Curbing Nutrient Runoff from Human Sources Will Likely Help Abate Red Tide
While we’ve heard a lot of bad news lately about the resurgence of red tide off the Southwest Florida coast, the good news is that there is a lot we can do as individuals and as a community to improve water quality, for both our inland and coastal waterways.
Red Tide has been present off the Southwest Florida coast for centuries, but analysis of blooms, their size, duration and location has shown that Florida red tide has become more intense and frequent in the past half century, likely owing to nutrient pollution from human activity on land.
According to that research: “While red tides along Florida’s west coast are a natural phenomenon that has occurred for hundreds, if not thousands of years, the data show an increase in the size, intensity, and duration of the red tide blooms over the past 50 years. While many factors play a role in a harmful algal bloom’s development, it is thought that land-based nutrient runoff contributes significantly to harmful algal bloom development and its recent increase.”
Even scientists who disagree about the origin of red tide being linked to nutrient pollution, almost all agree that once a bloom is established, it can feed off nutrient pollution from human activities.
According to the Florida Department of Agriculture, farmers, landscapers and home gardeners buy millions of tons of fertilizer each year. And while that fertilizer keeps their landscaping green, the impact on local waterways can be grave. The type of fertilizer, where and how it is applied has enormous impact on inland and coastal waters. That’s in addition to the runoff from buildings, roads and other paved areas and even the runoff from local residents washing cars.
That’s where you come in and the reason there is a great deal of hope on this front. Changes in how we garden and tend our landscaping to how often we wash our cars and a host of other human activities can contribute to water quality — good and bad.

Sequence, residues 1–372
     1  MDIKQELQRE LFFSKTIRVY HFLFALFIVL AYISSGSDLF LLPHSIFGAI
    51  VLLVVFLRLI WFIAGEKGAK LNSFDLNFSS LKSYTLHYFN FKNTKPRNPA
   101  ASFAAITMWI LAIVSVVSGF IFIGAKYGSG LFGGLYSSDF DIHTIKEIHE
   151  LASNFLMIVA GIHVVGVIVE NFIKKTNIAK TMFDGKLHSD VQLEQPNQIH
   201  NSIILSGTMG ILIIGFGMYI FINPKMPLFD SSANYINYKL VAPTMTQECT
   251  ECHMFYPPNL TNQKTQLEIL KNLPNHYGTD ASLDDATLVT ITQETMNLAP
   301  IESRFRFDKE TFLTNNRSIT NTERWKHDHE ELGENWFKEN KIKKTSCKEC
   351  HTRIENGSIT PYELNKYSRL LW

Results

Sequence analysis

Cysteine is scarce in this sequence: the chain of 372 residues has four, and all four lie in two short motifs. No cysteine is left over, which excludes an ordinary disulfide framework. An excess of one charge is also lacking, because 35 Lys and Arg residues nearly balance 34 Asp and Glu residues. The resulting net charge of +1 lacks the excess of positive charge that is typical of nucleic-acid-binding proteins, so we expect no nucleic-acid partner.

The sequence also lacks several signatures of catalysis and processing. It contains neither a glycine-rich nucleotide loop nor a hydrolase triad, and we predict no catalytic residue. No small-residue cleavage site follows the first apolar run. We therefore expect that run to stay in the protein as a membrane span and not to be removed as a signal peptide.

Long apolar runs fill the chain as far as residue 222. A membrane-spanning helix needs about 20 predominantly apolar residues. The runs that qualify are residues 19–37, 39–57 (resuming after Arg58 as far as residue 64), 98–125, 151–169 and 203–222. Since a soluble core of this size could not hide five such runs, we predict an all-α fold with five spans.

The most important component of any watershed approach to protecting water quality is the understanding that what goes into the runoff goes into streams, rivers, retention ponds and to a great degree our bays and the Gulf of Mexico.
For that reason, for more than a decade, we at Allard PPC have worked with Sarasota County’s NEST — Neighborhood Environmental Stewardship Team — program that helps homeowners associations adopt better water practices and shows them their role in water quality decline or improvement.
Ross Allard, founder and owner of Allard PPC, has a keen interest in water quality and says despite improvements, it’s still important to continue best practices and make sure they spread to other neighborhoods and counties. Noting that it wasn’t that long ago that Sarasota County and its coastal waters suffered enormously during a yearlong red tide outbreak.
“We don’t want to get in the same pickle we did before if we don’t address these issues,” he said.
Other communities have done even more, a case in point being Celebration in central Florida that has some of the most advance policies to keep almost all nutrient pollution from its local waterways and waters farther downstream. The same holds true for Disney properties.
At Allard PPC, we are serious about looking beyond the bottom line and being active in our community to improve environmental awareness and education. We believe that this approach in integral to not only our success as a company but also the success of our clients. Please visit our blog for articles on environmental stewardship, sustainable practices and wise water use.
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